C. Multiculturalism and Cultural Dynamics.
1. Gender and race.
2. Gender, socio-economic class, and multiculturalism.
D. Sociology and Social Relations.
1. Women and motherhood.
2. Women and marriage.
3. Lesbian, gay, transgendered, and transsexual relations.
E. History, with a Focus on the American Experience.
1. Women and the American Experience.
2. The Suffrage movement.
3. Backlash and the impacts of Feminism on American history.
F. Psychology and Human Behavior.
G. Philosophy and Political Thought.
1. Women and religion.
2. Women and politics.
H. Science and Scientific Achievements.

Lab Content

Not applicable.

Special Facilities and/or Equipment

When taught as an online distance learning section, students and faculty need ongoing and continuous Internet and Email access.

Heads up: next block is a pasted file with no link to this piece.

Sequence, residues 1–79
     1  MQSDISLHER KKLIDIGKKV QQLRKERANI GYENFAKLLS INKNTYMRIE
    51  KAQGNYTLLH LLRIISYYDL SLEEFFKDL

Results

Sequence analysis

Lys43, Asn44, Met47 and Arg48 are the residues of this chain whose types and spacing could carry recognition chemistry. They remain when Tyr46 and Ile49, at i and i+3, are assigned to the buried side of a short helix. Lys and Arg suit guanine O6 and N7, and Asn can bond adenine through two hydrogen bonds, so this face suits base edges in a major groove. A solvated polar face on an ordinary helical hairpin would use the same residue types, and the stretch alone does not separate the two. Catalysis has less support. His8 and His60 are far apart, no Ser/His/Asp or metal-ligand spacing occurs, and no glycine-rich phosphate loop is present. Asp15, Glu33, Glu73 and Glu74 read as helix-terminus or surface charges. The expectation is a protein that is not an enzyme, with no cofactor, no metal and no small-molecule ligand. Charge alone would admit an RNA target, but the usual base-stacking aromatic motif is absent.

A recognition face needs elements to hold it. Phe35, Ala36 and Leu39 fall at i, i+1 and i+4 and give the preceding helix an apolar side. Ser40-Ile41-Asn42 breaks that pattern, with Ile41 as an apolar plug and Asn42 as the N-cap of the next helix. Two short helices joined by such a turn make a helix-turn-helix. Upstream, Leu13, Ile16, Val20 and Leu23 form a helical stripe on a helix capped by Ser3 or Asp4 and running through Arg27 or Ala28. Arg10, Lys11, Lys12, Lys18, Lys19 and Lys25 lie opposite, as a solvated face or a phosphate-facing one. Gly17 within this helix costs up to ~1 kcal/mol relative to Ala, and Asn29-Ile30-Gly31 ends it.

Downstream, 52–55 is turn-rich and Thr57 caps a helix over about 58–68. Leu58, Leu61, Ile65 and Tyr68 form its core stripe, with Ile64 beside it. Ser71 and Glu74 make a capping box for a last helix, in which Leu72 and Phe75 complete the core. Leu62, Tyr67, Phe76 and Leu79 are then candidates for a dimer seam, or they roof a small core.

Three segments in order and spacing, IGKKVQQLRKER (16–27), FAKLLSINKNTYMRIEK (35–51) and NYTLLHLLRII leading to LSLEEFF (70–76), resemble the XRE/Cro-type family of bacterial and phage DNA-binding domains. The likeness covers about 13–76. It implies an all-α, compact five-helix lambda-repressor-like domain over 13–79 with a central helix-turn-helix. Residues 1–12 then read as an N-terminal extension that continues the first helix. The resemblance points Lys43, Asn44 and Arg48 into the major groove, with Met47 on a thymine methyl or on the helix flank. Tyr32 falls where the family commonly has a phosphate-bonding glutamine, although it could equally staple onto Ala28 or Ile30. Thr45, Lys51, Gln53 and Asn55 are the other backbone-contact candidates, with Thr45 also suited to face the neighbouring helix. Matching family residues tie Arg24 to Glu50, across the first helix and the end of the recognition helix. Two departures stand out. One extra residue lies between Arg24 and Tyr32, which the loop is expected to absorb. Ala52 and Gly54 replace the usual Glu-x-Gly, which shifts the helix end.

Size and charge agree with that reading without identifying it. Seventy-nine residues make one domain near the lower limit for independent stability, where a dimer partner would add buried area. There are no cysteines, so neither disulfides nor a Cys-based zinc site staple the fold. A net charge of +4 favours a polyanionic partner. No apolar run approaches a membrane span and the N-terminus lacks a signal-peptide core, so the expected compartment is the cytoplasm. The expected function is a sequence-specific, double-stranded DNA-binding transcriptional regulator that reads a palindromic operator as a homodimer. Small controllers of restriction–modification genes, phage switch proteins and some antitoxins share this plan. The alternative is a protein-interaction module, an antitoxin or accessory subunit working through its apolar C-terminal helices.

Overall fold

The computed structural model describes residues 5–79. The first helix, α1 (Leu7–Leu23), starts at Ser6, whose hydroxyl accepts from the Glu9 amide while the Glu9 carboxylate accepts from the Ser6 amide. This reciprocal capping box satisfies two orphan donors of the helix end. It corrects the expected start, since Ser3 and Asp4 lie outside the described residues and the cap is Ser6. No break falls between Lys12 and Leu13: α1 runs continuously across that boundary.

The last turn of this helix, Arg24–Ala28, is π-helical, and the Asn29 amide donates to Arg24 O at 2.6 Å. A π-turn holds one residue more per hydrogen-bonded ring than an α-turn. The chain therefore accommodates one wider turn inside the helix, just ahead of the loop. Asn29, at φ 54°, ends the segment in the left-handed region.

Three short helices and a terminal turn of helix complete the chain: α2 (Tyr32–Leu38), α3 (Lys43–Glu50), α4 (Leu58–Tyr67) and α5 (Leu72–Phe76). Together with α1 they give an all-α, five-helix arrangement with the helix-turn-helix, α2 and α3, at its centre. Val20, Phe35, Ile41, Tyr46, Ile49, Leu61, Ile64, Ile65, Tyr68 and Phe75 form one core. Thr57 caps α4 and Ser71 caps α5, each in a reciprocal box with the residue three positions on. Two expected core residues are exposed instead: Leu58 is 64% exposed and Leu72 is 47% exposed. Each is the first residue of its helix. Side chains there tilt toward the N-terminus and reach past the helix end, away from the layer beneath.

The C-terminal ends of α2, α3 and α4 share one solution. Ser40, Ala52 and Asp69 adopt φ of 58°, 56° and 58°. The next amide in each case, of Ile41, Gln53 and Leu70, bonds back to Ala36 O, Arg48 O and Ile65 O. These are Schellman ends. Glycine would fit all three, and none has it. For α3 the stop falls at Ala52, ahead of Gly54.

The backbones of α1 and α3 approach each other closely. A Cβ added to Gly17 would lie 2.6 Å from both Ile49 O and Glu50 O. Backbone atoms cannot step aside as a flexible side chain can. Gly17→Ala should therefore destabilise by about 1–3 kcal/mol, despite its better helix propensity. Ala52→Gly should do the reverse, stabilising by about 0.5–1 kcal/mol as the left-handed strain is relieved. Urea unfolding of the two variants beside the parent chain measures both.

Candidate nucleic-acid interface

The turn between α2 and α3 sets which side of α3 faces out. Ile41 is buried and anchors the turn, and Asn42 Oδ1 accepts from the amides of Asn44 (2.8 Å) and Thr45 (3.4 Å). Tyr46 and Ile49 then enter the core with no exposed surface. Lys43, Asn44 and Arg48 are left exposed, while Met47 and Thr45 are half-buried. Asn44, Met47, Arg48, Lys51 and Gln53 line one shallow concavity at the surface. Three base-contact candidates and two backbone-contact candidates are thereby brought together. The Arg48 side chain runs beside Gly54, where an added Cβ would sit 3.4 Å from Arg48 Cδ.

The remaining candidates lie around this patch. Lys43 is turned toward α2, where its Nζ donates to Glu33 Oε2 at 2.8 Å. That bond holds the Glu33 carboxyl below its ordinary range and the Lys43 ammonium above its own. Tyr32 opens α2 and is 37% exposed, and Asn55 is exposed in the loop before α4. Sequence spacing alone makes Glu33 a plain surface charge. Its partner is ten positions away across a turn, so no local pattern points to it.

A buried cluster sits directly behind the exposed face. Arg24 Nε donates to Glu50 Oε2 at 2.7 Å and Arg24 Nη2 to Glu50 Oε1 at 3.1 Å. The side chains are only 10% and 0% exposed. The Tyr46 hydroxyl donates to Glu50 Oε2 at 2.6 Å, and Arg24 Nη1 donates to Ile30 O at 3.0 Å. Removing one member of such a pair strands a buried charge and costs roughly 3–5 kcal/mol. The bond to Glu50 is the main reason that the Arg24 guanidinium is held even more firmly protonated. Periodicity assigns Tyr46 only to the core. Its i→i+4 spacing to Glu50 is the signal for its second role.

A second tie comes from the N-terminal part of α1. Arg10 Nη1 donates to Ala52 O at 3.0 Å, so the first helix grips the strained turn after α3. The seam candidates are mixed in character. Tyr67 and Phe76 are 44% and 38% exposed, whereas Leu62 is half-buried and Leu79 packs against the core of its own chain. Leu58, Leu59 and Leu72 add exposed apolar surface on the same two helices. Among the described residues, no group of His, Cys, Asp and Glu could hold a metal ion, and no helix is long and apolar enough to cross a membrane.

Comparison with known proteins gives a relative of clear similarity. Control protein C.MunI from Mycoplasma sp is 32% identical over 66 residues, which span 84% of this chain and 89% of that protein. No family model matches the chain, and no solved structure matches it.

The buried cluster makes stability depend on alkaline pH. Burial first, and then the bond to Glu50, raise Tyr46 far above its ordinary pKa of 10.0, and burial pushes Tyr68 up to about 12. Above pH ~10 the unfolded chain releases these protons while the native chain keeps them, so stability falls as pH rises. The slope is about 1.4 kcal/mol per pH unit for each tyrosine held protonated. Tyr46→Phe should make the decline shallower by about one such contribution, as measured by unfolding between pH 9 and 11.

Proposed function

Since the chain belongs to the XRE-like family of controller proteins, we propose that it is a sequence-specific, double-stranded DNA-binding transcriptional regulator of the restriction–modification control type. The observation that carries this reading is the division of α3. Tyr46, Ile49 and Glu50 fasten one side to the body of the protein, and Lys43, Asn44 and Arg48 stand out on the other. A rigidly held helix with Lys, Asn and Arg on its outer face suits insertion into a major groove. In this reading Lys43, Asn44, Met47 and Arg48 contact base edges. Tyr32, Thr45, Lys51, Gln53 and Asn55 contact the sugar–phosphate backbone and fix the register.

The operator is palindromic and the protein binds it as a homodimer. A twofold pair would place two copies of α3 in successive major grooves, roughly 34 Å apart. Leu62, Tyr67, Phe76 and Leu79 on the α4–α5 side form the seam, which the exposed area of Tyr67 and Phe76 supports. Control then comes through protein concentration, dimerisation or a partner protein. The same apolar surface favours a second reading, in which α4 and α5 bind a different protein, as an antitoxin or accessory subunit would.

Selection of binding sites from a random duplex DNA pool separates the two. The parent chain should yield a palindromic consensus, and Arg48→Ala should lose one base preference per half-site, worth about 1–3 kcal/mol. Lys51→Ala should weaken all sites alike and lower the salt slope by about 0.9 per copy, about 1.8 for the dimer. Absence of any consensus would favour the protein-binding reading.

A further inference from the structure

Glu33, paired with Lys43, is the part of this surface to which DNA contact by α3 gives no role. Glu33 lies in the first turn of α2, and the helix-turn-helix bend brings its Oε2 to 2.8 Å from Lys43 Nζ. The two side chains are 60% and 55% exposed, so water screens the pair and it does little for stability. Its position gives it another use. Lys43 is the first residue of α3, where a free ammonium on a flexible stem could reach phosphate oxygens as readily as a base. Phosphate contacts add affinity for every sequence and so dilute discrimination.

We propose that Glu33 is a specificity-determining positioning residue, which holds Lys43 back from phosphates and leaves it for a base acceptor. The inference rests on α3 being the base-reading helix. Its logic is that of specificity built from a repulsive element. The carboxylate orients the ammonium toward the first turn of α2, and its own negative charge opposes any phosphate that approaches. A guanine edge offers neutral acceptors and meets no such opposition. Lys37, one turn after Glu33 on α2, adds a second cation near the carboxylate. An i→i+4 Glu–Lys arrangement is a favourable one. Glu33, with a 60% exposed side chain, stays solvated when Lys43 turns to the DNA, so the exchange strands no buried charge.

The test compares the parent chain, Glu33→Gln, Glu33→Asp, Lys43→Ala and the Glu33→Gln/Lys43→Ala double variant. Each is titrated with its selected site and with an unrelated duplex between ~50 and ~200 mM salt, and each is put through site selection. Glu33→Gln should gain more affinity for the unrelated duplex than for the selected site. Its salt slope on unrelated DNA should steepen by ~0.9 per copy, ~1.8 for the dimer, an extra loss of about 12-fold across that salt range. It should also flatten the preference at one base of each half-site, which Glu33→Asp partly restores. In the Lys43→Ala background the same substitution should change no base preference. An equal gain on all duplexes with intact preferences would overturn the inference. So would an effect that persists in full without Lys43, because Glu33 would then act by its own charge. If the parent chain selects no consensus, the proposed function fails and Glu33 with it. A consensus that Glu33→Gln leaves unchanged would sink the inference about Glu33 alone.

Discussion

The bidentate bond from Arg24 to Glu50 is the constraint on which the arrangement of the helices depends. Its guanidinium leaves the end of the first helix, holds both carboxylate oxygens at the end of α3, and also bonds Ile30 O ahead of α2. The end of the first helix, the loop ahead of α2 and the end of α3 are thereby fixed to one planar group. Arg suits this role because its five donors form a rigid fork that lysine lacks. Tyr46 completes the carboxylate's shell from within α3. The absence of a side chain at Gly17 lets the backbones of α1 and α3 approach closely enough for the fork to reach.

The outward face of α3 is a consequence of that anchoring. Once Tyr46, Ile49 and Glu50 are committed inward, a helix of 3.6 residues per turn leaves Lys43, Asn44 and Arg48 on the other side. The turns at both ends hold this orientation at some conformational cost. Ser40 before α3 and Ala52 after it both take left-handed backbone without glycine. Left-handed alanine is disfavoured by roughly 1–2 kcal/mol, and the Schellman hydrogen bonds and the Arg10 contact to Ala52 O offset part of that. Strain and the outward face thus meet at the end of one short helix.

Method(s) of Evaluation

A. Written Examinations, including a Final Exam.
B. Analytical Research Papers.
C. Oral Presentations and/or Class Participation.
D. Text Reviews/Analysis.

Method(s) of Instruction

Lecture, Discussion, Oral presentations, Electronic discussions/chat.

Representative Text(s) and Other Materials

Hunter College Women's Collective. Women's Realities, Women's Choices: An Introduction to Women's Studies. 4th ed. Oxford: Oxford University Press, 2014.

 

Types and/or Examples of Required Reading, Writing, and Outside of Class Assignments

A. 30-40 pages each week from the assigned text.

B. Supplemental readings from journal articles, monographs, and biographies within the culture of women's studies.

C. Writing assignments may include research papers, written presentations, essay examinations, and book reviews that are reflective of the Student Learning Outcomes for the course.

 

Discipline(s)

Women's Studies